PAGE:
I awoke in the early hours on Sunday morning. Ever since the fire, I have had a preternatural awareness of any emergency vehicles stopping outside my house late at night, even without their sirens blazing As John Donne wrote, “send not to know / For whom the bell tolls, / It tolls for thee. “ Just in case the sirens are ringing out for me, I always slip out of bed if I catch sight of flashing lights reflected onto my bedroom ceiling and make my way over to the window.
I could see two stationary ambulances immediately across the way and a police van parked on my side of the road, but no one in or around them. It was a relief that there were no fire engines. In addition to my own house fire, (Fire,
24th October 2009 ) there had been several others in the vicinity over the years, although presumably unconnected.
I began to speculate why there were two ambulances. When I had come to the aid of the foolish young man who had attacked his girlfriend and then tried to kill himself (Crash,
19th October 2009) two ambulances appeared on the scene, as a result of one being summoned and the other being en-route to hospital with a patient in the back. My mind raced as to the possible scenarios which would involve two ambulances. Eventually someone stepped out from the back of one ambulance and shut the doors before climbing in the front and being driven off. Finally the police van and the other ambulance left as well, ending the drama for the night.
I never know the etiquette for dealing with such situations. Unless you have witnessed the incident or have summoned the emergency services, there seems little one can do. However, simply returning to bed when someone could be fighting for their life mere yards away seems somewhat callous.
I recall looking out of the window one afternoon and seeing that a double-decker bus had broken down. It was full of school children apparently staging a mini riot. I telephoned the police and would have remained within the safety of my forth storey look-out had I not spied some schoolgirls unfastening the petrol cap. Fearing they were going to try and set the bus alight, I hurried out into my front garden. I stood on the low wall and spoke to the girls over the railings. I had calculated that from my perch, I would have enough of a head start to beat a hasty retreat back into the house if things turned nasty.
“I would leave that petrol cap alone, if I were you, “I warned one girl in particular. “The police are on their way and if you have any sense you will leave whilst you still can.” The school girl heeded my advice.
On the same stretch of road but on a different day, another ne’er-do-well was not so fortunate. I had just stepped onto the pedestrian crossing with the lights in my favour when a car hurtled past me, causing me to leap to safety. A police car happened to be on the other side of the road. It did an abrupt u-turn and by the time I had crossed the road, they had stopped the other vehicle, forced the driver out and had him spread-eagled against his own car bonnet as they searched him.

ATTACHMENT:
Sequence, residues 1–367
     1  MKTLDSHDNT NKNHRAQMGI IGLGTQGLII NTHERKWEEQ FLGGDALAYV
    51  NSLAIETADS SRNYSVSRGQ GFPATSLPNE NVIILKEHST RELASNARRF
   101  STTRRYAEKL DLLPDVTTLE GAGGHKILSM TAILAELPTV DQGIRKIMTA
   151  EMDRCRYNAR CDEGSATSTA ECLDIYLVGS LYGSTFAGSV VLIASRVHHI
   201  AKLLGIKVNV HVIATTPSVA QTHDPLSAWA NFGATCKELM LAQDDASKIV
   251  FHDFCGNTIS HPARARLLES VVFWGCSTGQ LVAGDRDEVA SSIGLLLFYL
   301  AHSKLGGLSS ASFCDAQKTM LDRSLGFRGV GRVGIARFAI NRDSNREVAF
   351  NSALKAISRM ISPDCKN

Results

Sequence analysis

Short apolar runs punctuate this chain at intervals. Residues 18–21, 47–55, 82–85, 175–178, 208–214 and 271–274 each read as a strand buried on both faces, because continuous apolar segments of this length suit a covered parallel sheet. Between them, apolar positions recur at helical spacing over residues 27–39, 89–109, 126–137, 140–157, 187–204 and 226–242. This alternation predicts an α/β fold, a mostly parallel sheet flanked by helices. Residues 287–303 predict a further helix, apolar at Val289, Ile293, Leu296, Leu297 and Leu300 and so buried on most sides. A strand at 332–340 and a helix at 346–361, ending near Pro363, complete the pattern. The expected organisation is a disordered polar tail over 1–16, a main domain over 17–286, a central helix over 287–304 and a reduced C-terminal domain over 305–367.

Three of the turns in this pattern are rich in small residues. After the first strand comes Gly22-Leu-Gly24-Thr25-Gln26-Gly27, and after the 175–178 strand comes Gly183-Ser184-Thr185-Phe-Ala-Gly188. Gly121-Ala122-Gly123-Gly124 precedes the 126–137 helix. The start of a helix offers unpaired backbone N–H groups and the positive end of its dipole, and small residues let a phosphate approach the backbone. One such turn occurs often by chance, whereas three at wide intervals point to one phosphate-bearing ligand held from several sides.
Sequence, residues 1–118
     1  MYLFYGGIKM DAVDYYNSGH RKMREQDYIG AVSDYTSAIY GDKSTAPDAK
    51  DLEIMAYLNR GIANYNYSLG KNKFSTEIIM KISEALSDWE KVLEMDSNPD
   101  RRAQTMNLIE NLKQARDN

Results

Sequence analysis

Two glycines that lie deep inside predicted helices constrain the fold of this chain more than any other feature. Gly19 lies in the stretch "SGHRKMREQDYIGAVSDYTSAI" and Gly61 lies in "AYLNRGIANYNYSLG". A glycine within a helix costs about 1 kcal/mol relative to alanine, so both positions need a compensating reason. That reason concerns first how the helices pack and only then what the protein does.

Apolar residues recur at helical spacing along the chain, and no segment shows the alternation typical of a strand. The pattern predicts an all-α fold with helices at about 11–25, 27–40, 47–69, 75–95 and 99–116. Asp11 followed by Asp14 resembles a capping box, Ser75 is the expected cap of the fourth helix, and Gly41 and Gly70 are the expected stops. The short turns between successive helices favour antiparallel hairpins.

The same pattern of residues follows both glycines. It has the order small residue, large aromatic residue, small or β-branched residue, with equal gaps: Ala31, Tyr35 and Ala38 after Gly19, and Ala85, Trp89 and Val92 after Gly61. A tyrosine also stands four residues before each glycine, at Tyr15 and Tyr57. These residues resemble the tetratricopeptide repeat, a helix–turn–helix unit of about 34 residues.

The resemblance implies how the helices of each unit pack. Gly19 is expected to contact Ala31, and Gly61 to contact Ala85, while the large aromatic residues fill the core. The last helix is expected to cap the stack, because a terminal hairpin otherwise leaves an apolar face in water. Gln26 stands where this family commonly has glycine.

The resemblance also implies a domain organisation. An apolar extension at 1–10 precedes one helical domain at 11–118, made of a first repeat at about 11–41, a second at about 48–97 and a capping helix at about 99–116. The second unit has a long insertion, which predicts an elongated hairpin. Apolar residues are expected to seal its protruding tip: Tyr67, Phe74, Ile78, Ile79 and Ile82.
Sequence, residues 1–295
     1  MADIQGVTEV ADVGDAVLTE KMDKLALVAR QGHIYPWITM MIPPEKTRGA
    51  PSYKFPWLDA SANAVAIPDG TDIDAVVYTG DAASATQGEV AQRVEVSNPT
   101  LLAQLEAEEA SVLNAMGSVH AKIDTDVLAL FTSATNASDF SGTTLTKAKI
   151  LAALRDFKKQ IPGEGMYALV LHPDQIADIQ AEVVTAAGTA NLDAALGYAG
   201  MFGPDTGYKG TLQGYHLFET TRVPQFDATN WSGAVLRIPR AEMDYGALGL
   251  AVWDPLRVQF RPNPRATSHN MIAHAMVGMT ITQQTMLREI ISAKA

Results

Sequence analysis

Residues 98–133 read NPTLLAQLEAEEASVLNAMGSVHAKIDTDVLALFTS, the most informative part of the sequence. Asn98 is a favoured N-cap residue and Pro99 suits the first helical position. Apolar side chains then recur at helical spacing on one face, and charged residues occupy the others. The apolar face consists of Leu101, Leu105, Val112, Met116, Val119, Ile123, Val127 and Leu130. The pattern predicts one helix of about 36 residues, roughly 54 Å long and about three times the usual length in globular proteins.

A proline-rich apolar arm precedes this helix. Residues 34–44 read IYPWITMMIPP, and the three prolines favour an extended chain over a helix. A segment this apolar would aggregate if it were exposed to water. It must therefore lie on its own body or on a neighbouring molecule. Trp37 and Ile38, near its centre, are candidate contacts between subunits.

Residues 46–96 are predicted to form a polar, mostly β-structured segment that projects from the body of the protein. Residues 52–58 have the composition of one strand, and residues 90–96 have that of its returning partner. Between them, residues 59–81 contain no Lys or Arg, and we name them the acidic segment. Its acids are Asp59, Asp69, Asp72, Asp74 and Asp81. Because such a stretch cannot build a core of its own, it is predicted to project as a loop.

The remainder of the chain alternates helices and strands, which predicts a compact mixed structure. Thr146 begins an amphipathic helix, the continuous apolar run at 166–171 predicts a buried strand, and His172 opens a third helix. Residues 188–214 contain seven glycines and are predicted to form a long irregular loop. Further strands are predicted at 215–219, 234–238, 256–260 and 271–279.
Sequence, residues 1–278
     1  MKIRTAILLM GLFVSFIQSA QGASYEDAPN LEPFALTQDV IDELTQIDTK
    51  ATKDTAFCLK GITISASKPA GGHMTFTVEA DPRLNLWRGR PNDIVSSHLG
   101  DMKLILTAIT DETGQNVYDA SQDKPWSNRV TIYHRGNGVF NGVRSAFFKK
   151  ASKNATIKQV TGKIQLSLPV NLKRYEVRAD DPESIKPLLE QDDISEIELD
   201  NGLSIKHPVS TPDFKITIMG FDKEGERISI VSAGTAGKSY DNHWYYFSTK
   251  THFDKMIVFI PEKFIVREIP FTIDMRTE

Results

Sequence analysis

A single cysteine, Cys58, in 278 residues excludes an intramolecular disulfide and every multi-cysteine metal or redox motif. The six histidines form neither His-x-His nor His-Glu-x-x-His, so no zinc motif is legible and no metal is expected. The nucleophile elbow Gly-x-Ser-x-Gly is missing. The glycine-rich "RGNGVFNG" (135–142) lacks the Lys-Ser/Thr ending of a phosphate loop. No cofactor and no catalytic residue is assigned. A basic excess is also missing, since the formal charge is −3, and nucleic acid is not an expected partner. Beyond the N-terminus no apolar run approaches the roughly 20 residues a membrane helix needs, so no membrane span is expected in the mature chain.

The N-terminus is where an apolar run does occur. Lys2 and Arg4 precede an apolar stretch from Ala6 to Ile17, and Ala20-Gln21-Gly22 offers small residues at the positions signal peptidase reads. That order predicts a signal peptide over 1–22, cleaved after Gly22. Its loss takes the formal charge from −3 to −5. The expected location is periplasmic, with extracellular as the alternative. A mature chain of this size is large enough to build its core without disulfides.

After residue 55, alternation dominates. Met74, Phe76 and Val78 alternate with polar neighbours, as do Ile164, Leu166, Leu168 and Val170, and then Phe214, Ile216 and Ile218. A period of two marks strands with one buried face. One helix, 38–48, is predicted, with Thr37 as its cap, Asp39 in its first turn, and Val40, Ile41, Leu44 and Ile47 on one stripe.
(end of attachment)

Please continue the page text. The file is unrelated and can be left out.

“I hope they throw the book at him,” I thought with quiet satisfaction.
On another night, I awoke to find two police vans had flagged down a car containing several young black men, I watched as the police carefully searched the interior of the car and the boot. They found nothing and were obliged to let the young men continue their onwards journey in peace.
Other than the broken down school bus, I have only witnessed one street fight outside. Two men were having an argument one evening. The younger man would run up to the middle aged man, taunt him to his face and then run off again. He accused the older man of punching him in a local pub and stealing from him. The older man lived nearby. I wondered why he didn’t just walk into his own house or perhaps he didn’t want the younger man to know where he lived. The younger man did not seem to pose any real threat as he would hurry away each time the older man was within sparring distance. Gradually their fight left the confines of the narrow pavement as they recklessly weaved in and out of the moving traffic. I went downstairs and into the garden after I realised that the Couple and the Original Freeholder were already outside, eavesdropping on the police from their side of the garden fence. It transpired that the older guy was both deaf and unable to speak. I was even more indignant at his assailant’s use of Anglo-Saxon expletives relating to the female anatomy, as I knew there were young children within earshot.
The street fight had originated in a local pub. There had been a public house or inn on the same site for centuries. A small plaque commemorated the fact it had once been the haunt of highwaymen in the 17th and 18th centuries. Doubtless some former patrons once hung out at another notorious locality; namely the gibbet by the common where their tarred corpses swung from chains as a grisly warning to other such malefactors. It is strange how the passage of centuries has added a certain romance to such felons, whereas their modern counterparts evoke nothing but contempt.